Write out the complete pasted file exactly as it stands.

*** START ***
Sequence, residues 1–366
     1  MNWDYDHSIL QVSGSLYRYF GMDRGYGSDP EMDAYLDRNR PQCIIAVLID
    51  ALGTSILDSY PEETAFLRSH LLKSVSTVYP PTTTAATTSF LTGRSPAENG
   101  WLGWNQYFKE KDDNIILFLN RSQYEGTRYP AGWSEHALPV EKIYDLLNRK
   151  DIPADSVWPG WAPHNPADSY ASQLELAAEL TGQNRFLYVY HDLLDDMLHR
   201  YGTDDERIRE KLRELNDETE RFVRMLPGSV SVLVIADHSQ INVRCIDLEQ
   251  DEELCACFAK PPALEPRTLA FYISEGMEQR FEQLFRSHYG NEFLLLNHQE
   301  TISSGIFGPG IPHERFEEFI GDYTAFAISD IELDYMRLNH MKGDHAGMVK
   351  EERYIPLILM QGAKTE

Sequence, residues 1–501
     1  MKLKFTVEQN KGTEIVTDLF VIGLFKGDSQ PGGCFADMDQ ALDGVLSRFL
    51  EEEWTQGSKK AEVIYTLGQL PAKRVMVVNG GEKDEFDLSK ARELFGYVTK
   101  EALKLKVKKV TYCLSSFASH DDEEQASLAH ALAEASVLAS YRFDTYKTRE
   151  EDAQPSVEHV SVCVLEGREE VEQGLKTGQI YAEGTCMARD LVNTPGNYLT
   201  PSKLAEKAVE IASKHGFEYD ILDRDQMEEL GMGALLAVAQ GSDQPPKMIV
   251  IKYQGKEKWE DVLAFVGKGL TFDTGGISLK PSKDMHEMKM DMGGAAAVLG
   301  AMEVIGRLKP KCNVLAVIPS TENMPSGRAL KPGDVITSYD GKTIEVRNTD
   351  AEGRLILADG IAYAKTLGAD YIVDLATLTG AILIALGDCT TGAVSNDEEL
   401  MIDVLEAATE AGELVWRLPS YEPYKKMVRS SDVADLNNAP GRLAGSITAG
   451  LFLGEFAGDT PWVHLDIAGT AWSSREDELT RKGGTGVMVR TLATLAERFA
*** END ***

Sequence, residues 1–366
     1  MNWDYDHSIL QVSGSLYRYF GMDRGYGSDP EMDAYLDRNR PQCIIAVLID
    51  ALGTSILDSY PEETAFLRSH LLKSVSTVYP PTTTAATTSF LTGRSPAENG
   101  WLGWNQYFKE KDDNIILFLN RSQYEGTRYP AGWSEHALPV EKIYDLLNRK
   151  DIPADSVWPG WAPHNPADSY ASQLELAAEL TGQNRFLYVY HDLLDDMLHR
   201  YGTDDERIRE KLRELNDETE RFVRMLPGSV SVLVIADHSQ INVRCIDLEQ
   251  DEELCACFAK PPALEPRTLA FYISEGMEQR FEQLFRSHYG NEFLLLNHQE
   301  TISSGIFGPG IPHERFEEFI GDYTAFAISD IELDYMRLNH MKGDHAGMVK
   351  EERYIPLILM QGAKTE

Sequence, residues 1–501
     1  MKLKFTVEQN KGTEIVTDLF VIGLFKGDSQ PGGCFADMDQ ALDGVLSRFL
    51  EEEWTQGSKK AEVIYTLGQL PAKRVMVVNG GEKDEFDLSK ARELFGYVTK
   101  EALKLKVKKV TYCLSSFASH DDEEQASLAH ALAEASVLAS YRFDTYKTRE
   151  EDAQPSVEHV SVCVLEGREE VEQGLKTGQI YAEGTCMARD LVNTPGNYLT
   201  PSKLAEKAVE IASKHGFEYD ILDRDQMEEL GMGALLAVAQ GSDQPPKMIV
   251  IKYQGKEKWE DVLAFVGKGL TFDTGGISLK PSKDMHEMKM DMGGAAAVLG
   301  AMEVIGRLKP KCNVLAVIPS TENMPSGRAL KPGDVITSYD GKTIEVRNTD
   351  AEGRLILADG IAYAKTLGAD YIVDLATLTG AILIALGDCT TGAVSNDEEL
   401  MIDVLEAATE AGELVWRLPS YEPYKKMVRS SDVADLNNAP GRLAGSITAG
   451  LFLGEFAGDT PWVHLDIAGT AWSSREDELT RKGGTGVMVR TLATLAERFA